Filter-Feeding Zoobenthos and Hydrodynamics

Hans Ulrik Riisgård, Poul Scheel Larsen

Research output: Chapter in Book/Report/Conference proceedingBook chapterResearchpeer-review


This chapter summarizes recent years’ studies on zoobenthic filter feeding in the sea. General principles are extracted based on experiments and mathematical modeling, mainly from own studies in shallow temperate Danish waters, in order to present primary characteristics of the sophisticated interplay between benthic filter feeders and hydrodynamics. Starting from the general concept of grazing potential and typical data on benthic population densities its realization is considered, first at the level of the individual organism through the processes of pumping and trapping of food particles for ingestion which relies on hydrodynamics. Studies have shown the importance of biomixing giving increased vertical seston flux due to mixing induced by exhalant jets of filter feeders, particularly in stagnant water but likely also in benthic boundary layers over mussel beds at moderate flow velocities. Mathematical models for such flows are discussed. At the scale of benthic boundary layers, mussels experience flows that are usually turbulent, but at the smaller scale of sublayers, colonies of bryozoans experience viscous-dominated flow that needs modeling. Finally, a case study from a particular shallow water area illustrates the effects of tide, current, and wind on vertical mixing, growth rates, and ecological implications. The main biophysical processes that may allow or prevent dense populations of filter feeders to control the phytoplankton biomass in shallow waters are presented along with remaining challenges for development of improved models for the benthic boundary layers, including effects of wall roughness, biomixing, and oscillating flows caused by waves.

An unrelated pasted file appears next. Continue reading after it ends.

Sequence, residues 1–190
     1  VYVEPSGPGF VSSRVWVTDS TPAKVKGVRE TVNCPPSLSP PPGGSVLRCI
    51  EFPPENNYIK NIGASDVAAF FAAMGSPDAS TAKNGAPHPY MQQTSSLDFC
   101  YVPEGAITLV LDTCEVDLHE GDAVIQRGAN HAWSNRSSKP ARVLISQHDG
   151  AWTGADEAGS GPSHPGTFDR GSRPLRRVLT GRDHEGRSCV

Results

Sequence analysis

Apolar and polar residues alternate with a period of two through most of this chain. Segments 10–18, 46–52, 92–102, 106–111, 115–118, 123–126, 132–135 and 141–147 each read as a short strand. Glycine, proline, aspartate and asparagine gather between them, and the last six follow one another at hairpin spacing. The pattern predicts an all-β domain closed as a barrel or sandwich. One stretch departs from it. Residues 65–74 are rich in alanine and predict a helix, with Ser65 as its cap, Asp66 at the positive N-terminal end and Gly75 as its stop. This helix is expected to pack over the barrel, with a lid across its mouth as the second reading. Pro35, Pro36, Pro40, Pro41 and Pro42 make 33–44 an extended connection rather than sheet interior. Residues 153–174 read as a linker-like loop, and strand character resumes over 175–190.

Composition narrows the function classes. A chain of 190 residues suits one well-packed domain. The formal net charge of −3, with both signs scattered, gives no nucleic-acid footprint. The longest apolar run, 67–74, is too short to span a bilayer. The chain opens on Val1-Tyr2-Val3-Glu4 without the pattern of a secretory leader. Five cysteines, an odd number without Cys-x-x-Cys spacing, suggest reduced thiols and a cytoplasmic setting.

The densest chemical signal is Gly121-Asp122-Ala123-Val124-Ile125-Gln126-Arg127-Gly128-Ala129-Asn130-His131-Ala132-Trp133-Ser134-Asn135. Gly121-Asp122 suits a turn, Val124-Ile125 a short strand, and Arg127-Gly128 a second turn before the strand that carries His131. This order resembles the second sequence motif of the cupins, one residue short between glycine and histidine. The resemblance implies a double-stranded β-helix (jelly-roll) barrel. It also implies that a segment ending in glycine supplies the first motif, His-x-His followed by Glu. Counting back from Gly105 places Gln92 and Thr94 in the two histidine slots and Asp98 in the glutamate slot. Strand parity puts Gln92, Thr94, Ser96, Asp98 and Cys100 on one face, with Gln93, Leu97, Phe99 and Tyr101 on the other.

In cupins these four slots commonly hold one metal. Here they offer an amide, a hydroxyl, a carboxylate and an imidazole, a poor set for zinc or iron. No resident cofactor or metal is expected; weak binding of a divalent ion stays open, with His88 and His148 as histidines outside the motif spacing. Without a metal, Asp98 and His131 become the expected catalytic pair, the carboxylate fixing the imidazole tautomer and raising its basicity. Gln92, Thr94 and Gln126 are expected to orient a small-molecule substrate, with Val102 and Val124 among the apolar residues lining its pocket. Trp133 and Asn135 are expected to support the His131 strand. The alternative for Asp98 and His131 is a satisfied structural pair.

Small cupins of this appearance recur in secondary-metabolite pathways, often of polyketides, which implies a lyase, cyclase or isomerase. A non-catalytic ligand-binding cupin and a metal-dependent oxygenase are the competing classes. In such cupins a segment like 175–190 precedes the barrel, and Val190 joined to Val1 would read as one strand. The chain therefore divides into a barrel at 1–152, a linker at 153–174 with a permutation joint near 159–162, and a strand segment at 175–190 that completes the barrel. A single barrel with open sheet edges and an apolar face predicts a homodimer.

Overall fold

Original languageEnglish
Title of host publicationMarine Animal Forests : Ecology of Benthic Biodiversity Hotspots
Publication date2017
ISBN (Print)978-3-319-21011-7
ISBN (Electronic)978-3-319-21012-4
Publication statusPublished - 2017


  • Grazing potential
  • Suspension feeding
  • Biomixing
  • Benthic boundary layer
  • Viscous sublayer
  • Modeling
  • Benthic-pelagic coupling
  • Grazing impact

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